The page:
Stocks are down as the latest round of profit warnings for 2008 are making the rounds. Intel (Nasdaq:INTC), Bank of America (NYSE:BAC) and Time Warner (NYSE:TWX) are all lowering full year 2008 numbers.
But of course, is this a surprise? After all, we all know the economy is in terrible shape. And in Daily Profit, we’ve discussed the inevitability that earnings estimates would come down for 2008 and probably 2009, too. And we’ve discussed to what extent earnings revisions, and rising unemployment, are priced in.
Right now, investors are clearly taking profits from the recent run to the top of stocks’ trading ranges. That’s to be expected. The question is: are we looking at a simple profit-taking, or are we at the cusp of a re-valuation process for stock prices based on a worsening economy?
Unfortunately, we won’t be able to say for sure until the Dow falls to support between 8,100 and 8,400. If buyers step in there, as they’ve done repeatedly over the last few months, we can chalk the decline up to profit-taking. If stocks seek lower lows, then stocks are being re-valued.
Personally, I believe we’re seeing profit-taking. I believe buyers have shrugged off worse news to buy stocks at support levels. Plus, I still think that there’s genuine optimism about what the incoming administration can accomplish. To me, the bigger risk is down the road, when there’s potential for disappointment at how much President Obama can fix the economy.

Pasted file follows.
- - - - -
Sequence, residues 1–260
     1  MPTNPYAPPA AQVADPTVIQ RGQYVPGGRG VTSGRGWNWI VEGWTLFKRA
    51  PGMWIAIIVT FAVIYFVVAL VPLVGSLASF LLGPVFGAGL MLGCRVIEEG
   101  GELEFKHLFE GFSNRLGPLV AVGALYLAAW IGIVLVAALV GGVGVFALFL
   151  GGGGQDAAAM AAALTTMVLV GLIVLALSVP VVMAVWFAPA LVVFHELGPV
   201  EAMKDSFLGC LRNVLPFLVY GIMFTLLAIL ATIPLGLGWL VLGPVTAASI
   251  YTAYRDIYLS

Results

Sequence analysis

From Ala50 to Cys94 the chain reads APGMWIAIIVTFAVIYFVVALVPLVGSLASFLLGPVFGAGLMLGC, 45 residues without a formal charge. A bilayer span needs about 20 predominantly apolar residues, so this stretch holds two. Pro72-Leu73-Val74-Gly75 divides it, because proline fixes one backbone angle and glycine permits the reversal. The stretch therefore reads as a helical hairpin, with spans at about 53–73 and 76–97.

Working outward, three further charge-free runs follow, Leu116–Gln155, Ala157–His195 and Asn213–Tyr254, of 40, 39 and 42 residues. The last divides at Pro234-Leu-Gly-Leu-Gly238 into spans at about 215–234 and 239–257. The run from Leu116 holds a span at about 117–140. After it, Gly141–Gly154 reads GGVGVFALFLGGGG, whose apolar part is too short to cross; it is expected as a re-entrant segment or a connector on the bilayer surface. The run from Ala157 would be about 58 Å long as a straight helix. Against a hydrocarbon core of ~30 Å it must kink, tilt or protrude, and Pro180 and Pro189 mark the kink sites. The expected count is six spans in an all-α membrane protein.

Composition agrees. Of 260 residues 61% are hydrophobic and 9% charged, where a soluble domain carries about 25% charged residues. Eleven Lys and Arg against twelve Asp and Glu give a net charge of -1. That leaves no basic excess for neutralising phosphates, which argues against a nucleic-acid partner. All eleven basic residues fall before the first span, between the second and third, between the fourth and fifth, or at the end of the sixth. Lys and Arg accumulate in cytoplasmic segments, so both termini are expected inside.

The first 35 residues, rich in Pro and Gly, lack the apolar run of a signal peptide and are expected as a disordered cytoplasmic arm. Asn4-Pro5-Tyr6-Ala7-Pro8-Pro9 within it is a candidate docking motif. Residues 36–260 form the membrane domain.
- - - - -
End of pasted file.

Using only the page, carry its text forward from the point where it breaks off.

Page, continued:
*****Thanks to the few the wrote in about Daily Profit stocks. Here are the comments. C. Rudov made money: I bought EBS on 11/11 at $19.95 and sold on 12/18 at $25.18. 26% gain.
So did Frank said: …after reading your recommendation for Graham Corp.) I did my own DD and bought on 12/11 at $9.56. Not quite as good as $7.50, but with a 37% gain in less than three weeks I’m not complaining. I also appreciated your comments on oil and specifically USO and purchased shares on 12/24 at $28.98. Needless to say after 2008 your advice on these two stocks was very rewarding!!
But now I’m in a quandry since you are advising taking profits and not holding to pick the right time to sell. The tax consequence is always a consideration. Whatever, love your Daily Profit email and getting close to buying into TradeMaster, but still have to get past my jaded sense of investment advisors.
As you can imagine, I’m thrilled that people have made some money from Daily Profit stocks. And I want to point out, also, that I’m not in any mood to hold stocks long-term. With the markets stuck in trading ranges and the economic picture still very unclear, I believe it’s prudent to take profits when they’re available.
Also, to follow up on the TradeMaster comment, members took another round of profits yesterday. Two positions in Healthspring (NYSE:HS) were sold for 6.8% and 6.2% gains. And California Water Services (NYSE:CWT) was sold for 4.6%. Nice job Benson!